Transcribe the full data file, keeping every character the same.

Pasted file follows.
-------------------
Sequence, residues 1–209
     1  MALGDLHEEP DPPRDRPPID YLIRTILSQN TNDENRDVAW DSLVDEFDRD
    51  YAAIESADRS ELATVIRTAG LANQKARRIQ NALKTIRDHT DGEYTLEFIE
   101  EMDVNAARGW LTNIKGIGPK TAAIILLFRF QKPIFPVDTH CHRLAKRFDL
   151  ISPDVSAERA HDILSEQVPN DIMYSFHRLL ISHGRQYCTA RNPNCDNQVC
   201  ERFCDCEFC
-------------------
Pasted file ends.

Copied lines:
Sequence, residues 1–209
     1  MALGDLHEEP DPPRDRPPID YLIRTILSQN TNDENRDVAW DSLVDEFDRD
    51  YAAIESADRS ELATVIRTAG LANQKARRIQ NALKTIRDHT DGEYTLEFIE
   101  EMDVNAARGW LTNIKGIGPK TAAIILLFRF QKPIFPVDTH CHRLAKRFDL
   151  ISPDVSAERA HDILSEQVPN DIMYSFHRLL ISHGRQYCTA RNPNCDNQVC
   201  ERFCDCEFC